I’m attempting to update my Notepad extension to include variable story tense and viewpoint. It’s going pretty well, but the change log doesn’t suggest how to define an irregular verb. I can write…
To report is a verb.
To protest is a verb.
…to produce “reported” or “protested” as needed. But one of my output sentences happens to use the verb “to leave” (past tense “left”). I don’t see any explanation in the change log of how to set that up. Suggestions would be welcome.
Most of the irregular verbs (including “leave,” I bet) should work out of the box. If you need to hand-roll a conjugation, the old syntax still works (but if you scroll up, you’ll see that it’s important to get it right!) The one big exception I know of is that it conjugates “lie” as “to tell an untruth” (“lied”) rather than “to repose” (“lain”), and if you want to use them both there’s a problem–but otherwise you should be OK.
Cool – thanks. Now here’s a slightly different question on the same topic. When I choose third person singular as the story viewpoint, Inform defaults to “he” and “him.” For example:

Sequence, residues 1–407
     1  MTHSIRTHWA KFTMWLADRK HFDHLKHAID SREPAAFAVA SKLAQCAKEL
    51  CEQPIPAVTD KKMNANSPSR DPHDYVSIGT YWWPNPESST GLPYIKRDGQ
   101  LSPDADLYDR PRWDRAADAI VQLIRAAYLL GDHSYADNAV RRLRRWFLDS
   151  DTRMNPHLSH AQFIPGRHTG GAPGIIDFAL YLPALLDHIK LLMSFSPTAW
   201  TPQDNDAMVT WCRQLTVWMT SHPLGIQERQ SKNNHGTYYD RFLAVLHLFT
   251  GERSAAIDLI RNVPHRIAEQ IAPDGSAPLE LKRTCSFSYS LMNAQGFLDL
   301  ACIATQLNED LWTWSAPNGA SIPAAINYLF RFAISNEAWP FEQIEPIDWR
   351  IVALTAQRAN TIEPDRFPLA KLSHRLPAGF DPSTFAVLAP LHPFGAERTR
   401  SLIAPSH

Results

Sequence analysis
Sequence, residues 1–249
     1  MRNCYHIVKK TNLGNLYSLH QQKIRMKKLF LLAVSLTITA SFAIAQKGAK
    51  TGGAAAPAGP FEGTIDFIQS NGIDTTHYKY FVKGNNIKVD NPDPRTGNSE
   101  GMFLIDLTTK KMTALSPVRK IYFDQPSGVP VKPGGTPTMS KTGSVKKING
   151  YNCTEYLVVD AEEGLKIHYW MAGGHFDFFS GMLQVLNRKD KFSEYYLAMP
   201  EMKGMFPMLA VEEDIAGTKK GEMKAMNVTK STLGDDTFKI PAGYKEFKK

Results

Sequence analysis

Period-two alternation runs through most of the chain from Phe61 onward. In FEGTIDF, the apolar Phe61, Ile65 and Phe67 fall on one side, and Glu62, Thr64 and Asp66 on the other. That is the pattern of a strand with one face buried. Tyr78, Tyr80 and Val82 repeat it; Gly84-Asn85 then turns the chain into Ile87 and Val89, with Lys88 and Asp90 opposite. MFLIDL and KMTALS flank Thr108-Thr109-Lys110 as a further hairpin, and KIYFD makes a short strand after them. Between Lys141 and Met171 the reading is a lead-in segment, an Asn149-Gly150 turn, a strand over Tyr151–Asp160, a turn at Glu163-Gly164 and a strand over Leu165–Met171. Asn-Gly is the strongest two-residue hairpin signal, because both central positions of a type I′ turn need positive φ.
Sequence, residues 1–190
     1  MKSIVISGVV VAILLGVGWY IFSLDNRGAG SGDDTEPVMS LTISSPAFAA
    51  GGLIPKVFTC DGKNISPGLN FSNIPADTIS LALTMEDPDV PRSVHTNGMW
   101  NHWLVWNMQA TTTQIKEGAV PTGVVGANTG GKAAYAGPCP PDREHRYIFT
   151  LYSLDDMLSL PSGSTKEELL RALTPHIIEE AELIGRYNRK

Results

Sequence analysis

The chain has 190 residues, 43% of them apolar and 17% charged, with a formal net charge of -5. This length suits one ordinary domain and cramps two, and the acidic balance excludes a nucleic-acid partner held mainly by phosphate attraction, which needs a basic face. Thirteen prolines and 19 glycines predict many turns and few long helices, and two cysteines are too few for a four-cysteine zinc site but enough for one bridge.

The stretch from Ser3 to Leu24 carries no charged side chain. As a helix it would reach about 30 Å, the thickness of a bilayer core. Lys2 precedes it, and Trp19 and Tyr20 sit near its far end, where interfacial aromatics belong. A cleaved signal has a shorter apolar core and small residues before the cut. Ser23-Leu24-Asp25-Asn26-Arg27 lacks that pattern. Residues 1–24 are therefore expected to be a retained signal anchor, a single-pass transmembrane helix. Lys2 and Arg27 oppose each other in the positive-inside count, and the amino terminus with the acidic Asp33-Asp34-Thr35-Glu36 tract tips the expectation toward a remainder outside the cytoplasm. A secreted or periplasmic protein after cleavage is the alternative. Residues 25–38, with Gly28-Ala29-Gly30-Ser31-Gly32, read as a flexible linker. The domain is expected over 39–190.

Beethoven is a man in the Messy Front Parlor. "[Beethoven] [are] standing [there], scowling at [us]." The description is "His hair [haven't] been combed in days, and his waistcoat [regarding nothing][are] mis-buttoned." Beethoven has some text called the non-response. The non-response of Beethoven is "[Beethoven] [don't] seem to have heard [us]."
This produces the output:
Is there a way to change “him” to “her”, not with respect to Beethoven but with respect to the PC?
And here’s yet another text substitution problem that I don’t understand. Here’s the code:
Carry out playing:
say "[The actor] [try] a few tentative notes on [the noun], but it [regarding the Broadwood][are] in such poor condition that [the actor] [give] up almost before [the actor] [start]."
Here’s the result:
The 2nd and 3rd [the actor] are being translated into “himself.” How would I prevent this?
Edit: Fixed it. Substituted [we] the 2nd and 3rd times.
This is a weird quirk of the text substitution system. If the player is referenced through a variable (like “the actor”), and the substitution is in lower case (so probably not the subject of the sentence), and the player is the actor, it uses the reflexive form. This is somewhat non-intuitive but gives good results for more common cases like “[The actor] [look] at [the noun]” (which will give “The pianist looks at you”, “You look at the pianist”, “You look at yourself”).
…meaning that the solution in cases where “we” doesn’t work (for instance, if you were writing a report rule for any actor) would probably be to make a substitution for “the actor in nominative case,” which when the actor is the player produces “he/she/it/I/you/we/they” depending on the narrative viewpoint and gender of the player.